Re: The names "left" and "right" Lassi Kortela 05 Jun 2020 17:07 UTC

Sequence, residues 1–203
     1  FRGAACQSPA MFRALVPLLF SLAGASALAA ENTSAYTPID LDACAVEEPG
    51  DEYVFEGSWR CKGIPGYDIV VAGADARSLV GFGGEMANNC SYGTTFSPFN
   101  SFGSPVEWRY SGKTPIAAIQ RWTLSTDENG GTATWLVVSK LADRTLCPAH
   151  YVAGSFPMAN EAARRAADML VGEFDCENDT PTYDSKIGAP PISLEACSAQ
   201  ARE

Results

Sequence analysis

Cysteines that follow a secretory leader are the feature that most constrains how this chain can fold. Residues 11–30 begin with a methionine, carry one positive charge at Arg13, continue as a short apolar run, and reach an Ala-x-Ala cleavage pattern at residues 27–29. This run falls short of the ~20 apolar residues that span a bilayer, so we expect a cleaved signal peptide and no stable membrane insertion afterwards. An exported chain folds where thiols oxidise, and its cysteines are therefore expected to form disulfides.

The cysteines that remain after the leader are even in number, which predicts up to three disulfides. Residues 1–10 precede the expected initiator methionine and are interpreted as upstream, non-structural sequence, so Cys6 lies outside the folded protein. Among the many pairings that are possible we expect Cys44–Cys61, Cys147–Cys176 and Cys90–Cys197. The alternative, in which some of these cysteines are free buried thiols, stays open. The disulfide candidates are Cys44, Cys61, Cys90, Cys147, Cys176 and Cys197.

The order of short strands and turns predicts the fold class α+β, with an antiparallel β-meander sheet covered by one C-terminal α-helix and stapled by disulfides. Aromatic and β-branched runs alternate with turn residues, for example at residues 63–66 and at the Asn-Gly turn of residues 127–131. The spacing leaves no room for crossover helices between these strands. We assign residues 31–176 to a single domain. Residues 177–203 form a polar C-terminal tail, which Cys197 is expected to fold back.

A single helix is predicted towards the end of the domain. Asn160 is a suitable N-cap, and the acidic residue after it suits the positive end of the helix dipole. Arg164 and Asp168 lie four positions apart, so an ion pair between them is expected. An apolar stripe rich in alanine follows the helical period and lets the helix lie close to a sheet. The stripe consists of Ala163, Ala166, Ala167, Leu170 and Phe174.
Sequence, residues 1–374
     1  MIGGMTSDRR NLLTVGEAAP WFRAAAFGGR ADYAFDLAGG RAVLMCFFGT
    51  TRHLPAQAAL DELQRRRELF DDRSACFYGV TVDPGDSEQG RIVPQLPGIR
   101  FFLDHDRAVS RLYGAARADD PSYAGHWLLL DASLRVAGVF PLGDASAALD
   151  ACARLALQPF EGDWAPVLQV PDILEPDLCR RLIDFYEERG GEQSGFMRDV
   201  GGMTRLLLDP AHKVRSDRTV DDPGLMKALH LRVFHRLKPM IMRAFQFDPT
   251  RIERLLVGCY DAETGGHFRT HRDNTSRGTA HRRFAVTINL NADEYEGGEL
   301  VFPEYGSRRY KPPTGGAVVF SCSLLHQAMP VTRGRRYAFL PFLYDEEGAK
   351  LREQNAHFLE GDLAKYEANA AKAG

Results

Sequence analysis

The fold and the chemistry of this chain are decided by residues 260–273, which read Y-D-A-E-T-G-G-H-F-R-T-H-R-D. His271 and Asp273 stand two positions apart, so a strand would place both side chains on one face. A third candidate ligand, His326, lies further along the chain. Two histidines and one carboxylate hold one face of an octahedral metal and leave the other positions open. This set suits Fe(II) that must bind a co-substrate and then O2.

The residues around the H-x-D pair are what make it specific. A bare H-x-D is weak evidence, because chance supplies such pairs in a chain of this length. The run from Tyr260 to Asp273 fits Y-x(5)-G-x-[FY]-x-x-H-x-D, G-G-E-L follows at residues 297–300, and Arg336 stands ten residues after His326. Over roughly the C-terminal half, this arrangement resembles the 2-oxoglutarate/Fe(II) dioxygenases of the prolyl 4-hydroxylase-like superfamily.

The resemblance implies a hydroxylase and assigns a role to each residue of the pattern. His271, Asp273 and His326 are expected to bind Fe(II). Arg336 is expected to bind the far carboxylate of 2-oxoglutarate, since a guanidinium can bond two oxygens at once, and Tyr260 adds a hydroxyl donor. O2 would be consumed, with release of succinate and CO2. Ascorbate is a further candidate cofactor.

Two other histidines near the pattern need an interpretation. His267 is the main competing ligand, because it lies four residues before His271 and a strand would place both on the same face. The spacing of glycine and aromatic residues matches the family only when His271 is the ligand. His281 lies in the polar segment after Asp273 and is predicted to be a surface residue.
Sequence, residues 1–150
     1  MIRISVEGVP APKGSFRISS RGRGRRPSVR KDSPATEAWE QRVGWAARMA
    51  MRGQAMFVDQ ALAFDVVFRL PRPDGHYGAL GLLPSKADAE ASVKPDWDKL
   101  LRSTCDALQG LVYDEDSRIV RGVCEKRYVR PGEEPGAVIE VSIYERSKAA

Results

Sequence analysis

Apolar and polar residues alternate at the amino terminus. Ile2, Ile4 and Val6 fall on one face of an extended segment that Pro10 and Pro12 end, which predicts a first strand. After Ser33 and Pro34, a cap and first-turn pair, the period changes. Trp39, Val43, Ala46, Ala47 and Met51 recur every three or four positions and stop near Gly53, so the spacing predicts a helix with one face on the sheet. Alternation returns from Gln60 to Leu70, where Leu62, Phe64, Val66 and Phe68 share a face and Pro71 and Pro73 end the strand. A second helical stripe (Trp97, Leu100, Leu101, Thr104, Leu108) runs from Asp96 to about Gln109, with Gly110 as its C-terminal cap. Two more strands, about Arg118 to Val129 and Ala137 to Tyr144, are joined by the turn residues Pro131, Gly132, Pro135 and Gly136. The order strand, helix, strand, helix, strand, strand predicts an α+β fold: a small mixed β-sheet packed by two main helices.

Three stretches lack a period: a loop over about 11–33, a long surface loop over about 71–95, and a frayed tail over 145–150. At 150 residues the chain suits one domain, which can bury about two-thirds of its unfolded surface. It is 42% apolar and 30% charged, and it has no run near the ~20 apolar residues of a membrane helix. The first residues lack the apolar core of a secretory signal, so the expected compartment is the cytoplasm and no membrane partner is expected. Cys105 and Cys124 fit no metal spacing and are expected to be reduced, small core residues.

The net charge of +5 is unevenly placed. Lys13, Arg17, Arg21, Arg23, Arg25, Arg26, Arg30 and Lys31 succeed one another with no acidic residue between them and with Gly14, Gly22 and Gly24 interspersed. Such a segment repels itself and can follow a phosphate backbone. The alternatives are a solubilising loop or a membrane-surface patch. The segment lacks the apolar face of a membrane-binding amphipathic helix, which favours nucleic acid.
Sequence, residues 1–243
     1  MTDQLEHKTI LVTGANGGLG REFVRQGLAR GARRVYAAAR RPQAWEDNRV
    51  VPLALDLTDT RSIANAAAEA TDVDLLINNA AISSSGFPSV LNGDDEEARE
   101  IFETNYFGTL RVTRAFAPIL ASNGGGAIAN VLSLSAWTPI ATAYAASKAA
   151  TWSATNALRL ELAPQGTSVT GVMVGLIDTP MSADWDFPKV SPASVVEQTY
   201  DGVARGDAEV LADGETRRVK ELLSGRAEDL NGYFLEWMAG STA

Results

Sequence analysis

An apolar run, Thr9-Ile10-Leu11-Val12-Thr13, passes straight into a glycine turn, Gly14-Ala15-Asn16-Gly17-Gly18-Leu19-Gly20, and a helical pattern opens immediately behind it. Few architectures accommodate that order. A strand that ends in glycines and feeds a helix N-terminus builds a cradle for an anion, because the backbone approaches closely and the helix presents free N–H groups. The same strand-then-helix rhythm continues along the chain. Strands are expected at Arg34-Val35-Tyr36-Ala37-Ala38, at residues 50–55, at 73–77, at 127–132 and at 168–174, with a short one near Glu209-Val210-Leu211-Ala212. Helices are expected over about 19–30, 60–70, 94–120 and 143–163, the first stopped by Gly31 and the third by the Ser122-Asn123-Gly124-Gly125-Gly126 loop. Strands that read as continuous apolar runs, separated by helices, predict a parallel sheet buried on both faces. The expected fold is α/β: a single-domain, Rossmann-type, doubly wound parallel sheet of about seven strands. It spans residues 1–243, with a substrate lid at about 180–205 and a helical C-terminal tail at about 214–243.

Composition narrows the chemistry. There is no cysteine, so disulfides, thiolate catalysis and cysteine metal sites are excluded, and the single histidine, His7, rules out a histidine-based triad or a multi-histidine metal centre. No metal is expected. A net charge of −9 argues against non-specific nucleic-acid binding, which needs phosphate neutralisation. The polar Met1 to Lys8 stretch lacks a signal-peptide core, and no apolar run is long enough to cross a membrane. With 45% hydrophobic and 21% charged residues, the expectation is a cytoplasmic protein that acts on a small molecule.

> For the first application, we use "Right" in the sense of right = true > = correct = ok. That's clever. I had never noticed the intentional pun. > In this case, Ok/Err would also be ok (another pun not intended). > > Indeed, the ambiguity between the meanings 'opposite of left' and > 'straight, correct' goes back to Proto-Indo-European six thousand years > ago. Pretty wild. > I was going to say that Lassi, who speaks a Uralic language, is > excused from noticing this pun, but it seems that Finnish _suora_ has > both meanings too, probably because its root is borrowed from Common > Germanic _sta-_ 'stand'. In Hungarian (very distantly related to > Finnish) they are utterly different. The Finnish words for left and right are "vasen" and "oikea". Like its English counterpart, "oikea" shares the connotation of "correct": "oikea vastaus" is both literally and figuratively equivalent to "the right answer". "Suora" means "straight" (as in a straight line). It is a literal word only and does not have figurative connotations such as "correct". However, the inflection "suoraan" means "directly" and is used semi-figuratively to say that something is accomplished in the easiest or fastest way. I don't know any Hungarian, sadly. > At least English uses "Go straight!" and "Go right!" as unambiguous > driving directions. This is the case (no pun intended) here as well. "Mene suoraan" (go straight) and "käänny oikealle" (turn right).